You and I both know that two of the three people you list couldn't comment about Tyler's position as it is a personnel issue. The only person who could comment is Tyler himself, which would be a non starter. If you have an accusation of wrongdoing, you should make it instead of engaging in baseless claims of malfeasance.

    Could you list for us the major improvements this bill provides, as your union position would provide great insight to the rest of us. I will tell you that I have yet to agree with Myron on a single issue, so I already have some concern about the bill. Thanks in advance for any clarification you could provide.

  • Michael

    Don't forget to throw in another Manchin being hired in Harrison County as Superintendent. Wasn't that recent too?

  • Michael

    Hey who wants transparency in hiring for state jobs? Apparently NOT republicans. No one is taking anything away, they just want WHY the decisions are made to be documented.

    Transparency in government is IMPORTANT!!!!

  • Kelly

    If there was ever a more blatant reason as to why public employees, particularly teachers, should be prohibited from holding state or county level public office, this is it.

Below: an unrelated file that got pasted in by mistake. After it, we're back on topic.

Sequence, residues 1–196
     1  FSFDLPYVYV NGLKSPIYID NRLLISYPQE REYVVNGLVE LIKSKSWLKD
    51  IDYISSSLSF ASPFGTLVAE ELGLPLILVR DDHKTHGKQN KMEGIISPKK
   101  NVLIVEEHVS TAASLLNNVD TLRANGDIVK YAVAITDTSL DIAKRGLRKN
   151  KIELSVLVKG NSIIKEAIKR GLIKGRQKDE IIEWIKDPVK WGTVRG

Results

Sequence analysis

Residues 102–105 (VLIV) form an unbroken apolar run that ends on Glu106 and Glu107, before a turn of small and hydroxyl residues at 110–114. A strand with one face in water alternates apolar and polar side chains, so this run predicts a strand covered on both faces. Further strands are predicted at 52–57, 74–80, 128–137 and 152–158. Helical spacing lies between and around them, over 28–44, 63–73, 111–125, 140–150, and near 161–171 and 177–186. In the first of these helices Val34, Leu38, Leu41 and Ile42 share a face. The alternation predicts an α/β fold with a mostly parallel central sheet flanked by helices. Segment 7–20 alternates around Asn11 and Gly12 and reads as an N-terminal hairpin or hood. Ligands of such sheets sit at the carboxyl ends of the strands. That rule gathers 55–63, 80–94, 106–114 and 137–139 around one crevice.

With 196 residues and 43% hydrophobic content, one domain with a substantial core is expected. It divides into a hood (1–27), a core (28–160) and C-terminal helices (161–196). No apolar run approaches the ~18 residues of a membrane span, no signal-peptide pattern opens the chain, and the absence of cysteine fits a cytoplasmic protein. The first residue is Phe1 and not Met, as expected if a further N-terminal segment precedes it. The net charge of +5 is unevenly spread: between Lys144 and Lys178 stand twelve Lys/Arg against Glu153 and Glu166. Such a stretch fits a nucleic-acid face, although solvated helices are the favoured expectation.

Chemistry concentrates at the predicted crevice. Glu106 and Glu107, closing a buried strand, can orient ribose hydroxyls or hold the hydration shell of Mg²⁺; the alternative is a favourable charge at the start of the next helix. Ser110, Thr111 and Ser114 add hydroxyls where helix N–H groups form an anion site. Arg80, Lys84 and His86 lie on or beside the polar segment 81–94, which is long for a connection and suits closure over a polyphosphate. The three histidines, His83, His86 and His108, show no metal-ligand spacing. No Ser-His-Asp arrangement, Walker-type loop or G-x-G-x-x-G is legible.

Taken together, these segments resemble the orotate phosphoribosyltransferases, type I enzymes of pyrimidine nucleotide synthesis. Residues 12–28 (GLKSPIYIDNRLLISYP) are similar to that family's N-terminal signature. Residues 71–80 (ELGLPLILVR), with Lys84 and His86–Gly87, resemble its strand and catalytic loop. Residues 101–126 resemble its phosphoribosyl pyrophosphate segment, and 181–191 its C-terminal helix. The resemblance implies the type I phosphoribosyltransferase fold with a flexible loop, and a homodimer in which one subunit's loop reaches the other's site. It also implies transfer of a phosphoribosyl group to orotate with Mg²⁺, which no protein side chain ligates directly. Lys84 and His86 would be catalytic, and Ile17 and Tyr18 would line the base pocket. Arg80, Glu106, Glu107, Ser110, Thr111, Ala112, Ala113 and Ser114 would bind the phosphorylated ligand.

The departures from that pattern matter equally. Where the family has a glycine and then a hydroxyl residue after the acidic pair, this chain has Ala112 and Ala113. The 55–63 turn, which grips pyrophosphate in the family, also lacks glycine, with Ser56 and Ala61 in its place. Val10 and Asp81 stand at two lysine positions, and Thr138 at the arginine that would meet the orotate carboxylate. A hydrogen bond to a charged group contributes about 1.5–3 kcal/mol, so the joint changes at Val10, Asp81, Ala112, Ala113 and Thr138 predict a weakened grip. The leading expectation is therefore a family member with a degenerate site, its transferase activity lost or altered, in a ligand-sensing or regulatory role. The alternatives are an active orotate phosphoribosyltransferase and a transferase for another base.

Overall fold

Hey Mary, nobody cares about how slighted your teachers feel....we in the real world have what are called bosses. They tell us how things will operate and we either get on board or find other employment.

    For crying out loud, these grown up children never stop whining!

  • Independent View

    Myron--Here is your answer to, "We frequently bring work home at night and work weekends. Who else does that?!" Virtually every professional in the private sector worth their salt! The professionals in the private sector's mantra is, produce or get fired. But, you would not know that since you live in the protective womb of academia, where the worst employees are paid the same as the best--brilliant system for encouraging performance or lack of it.
    If teachers are suffering from a lack of respect it is because more than a few are either incompetent or lazy or both and your unions protect those and therefore, the good teachers are unfortunately lumped into the same catagory. Where is the incentive to do one's best, when the teacher in the next classrom does little or nothing and is paid the same? Fortunately, some teachers care about their students and apply themselves to their jobs.
    Until the teachers shed the yoke of the unions that protect the incompetent and lazy colleagues, you will not get respect.
    Policing you own ranks would be a great place to start.